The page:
At around the time we slowed to a walk and gave the horses a long rein for a bit of a breather, the heavens opened. We were in the outdoor arena, but since we were sheltered above and on three sides there was no danger of getting wet. The intensity of the rainfall varied, and our instructor had to pause whenever it became too loud for her to shout over. There was thunder and lightning, too. She told us not to worry about the horses because they weren’t bothered by it, but advised us to pat them and offer a bit of reassurance after one particularly loud rumble of thunder.

I had noticed earlier as we’d gone in to mount up that she had set up a course of trot poles down one long side of the arena. It transpired that she wanted to do some pole work with us – ‘And,’ she added, with a look of delight on her face, ‘if that goes well I might set up a tiny jump for you all at the end.’

Now, I have done pole work before, in my semi-private lessons in Nottingham with Damian. Thus I had an idea of what to expect. I was not remotely fazed by this; I was on a horse who was much less obstreperous than Barron! Nobody else in the group had done it before, though, and admittedly, having only done it the once and then not again for nearly a year, I wasn’t expecting to be amazing.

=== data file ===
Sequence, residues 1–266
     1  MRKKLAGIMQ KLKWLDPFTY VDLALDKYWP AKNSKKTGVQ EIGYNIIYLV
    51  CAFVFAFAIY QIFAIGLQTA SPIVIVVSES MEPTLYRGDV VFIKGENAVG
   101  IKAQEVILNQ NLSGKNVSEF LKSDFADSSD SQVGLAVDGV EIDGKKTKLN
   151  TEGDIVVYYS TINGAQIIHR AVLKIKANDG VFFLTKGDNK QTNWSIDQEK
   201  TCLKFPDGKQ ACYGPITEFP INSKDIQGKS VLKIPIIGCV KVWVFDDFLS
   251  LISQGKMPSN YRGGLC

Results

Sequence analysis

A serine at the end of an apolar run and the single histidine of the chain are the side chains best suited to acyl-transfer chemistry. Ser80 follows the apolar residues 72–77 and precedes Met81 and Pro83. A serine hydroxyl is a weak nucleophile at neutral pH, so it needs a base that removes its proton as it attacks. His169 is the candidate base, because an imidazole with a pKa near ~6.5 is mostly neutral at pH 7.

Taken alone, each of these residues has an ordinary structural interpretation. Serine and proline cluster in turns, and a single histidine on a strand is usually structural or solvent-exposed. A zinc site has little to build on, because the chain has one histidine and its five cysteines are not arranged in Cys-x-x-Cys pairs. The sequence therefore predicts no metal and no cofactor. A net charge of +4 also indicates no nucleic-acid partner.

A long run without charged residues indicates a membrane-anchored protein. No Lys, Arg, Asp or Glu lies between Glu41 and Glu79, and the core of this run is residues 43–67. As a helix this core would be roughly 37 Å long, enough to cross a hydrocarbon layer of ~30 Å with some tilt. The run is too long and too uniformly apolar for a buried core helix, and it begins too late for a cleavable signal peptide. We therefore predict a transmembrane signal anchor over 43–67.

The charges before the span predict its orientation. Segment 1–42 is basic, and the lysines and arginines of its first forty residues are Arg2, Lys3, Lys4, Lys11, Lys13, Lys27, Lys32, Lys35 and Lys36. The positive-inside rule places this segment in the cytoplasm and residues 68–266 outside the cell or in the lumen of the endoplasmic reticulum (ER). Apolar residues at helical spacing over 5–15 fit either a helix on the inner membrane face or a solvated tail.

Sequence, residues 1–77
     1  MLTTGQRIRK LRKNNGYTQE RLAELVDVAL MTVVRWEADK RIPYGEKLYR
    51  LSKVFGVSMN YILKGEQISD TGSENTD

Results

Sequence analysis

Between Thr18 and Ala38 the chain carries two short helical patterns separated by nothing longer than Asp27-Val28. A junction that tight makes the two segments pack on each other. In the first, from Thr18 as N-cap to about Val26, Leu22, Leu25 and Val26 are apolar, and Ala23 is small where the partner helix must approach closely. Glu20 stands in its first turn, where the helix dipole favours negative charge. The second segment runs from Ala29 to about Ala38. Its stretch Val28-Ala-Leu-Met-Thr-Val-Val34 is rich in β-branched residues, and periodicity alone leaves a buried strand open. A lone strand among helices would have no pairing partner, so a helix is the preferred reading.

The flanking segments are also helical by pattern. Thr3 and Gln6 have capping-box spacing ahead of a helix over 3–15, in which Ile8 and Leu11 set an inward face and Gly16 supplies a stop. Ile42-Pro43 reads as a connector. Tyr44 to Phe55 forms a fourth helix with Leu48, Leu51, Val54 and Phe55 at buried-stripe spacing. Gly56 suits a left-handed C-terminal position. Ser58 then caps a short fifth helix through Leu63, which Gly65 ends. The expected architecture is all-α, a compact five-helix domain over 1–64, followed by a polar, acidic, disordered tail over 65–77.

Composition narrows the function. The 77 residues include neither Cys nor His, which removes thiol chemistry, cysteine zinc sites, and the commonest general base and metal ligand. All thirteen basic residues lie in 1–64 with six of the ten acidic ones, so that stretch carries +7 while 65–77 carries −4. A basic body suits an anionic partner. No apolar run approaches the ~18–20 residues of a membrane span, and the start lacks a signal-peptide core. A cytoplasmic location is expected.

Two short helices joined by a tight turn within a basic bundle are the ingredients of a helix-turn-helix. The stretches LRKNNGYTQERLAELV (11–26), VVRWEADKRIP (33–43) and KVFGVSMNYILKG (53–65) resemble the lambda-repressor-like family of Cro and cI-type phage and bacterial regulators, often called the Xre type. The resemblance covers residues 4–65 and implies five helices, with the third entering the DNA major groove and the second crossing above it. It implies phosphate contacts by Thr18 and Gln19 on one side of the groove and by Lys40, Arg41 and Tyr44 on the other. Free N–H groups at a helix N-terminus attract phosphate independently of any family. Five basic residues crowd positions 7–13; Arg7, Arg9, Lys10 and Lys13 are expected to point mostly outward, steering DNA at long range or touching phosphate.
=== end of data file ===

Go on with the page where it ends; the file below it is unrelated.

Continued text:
Just as well, really. On my first attempt we flew over the poles in perfect synch, although I lost control after we came off the course (probably because in my surprise I hesitated), and Duke slowed to a walk and cut a huge corner to the back of the ride. I fudged my second and third attempts, but after some reminders from our instructor about looking where I was going, pushing on with my leg and relaxing my hands, I made a much better attempt on my final go. Finally, we trotted over the poles as a ride a couple of times. It went much better then, but then Duke wasn’t leading, which of course takes some of the pressure off me to ride him on.

Then, true to her earlier threat, our instructor set up a tiny jump.

When I say it was a tiny jump, I really mean it; she set up a low cross over two of those blue boxy-things with a dip in them for you to rest a pole in (anyone, technical term please!) The newest member of the group – a lady with some experience who has re-started riding after a pause, as I understand it – nervously asked if we were going to approach it at a trot or a canter. With a deadly serious face, she replied, ‘I want you to canter.’ Then she paused, and laughed, adding, ‘The look of terror on your face. Of course I don’t want you to canter, you’re going to trot.’ That made me giggle.

And so, leading file and in succession, we all had a bash at jumping.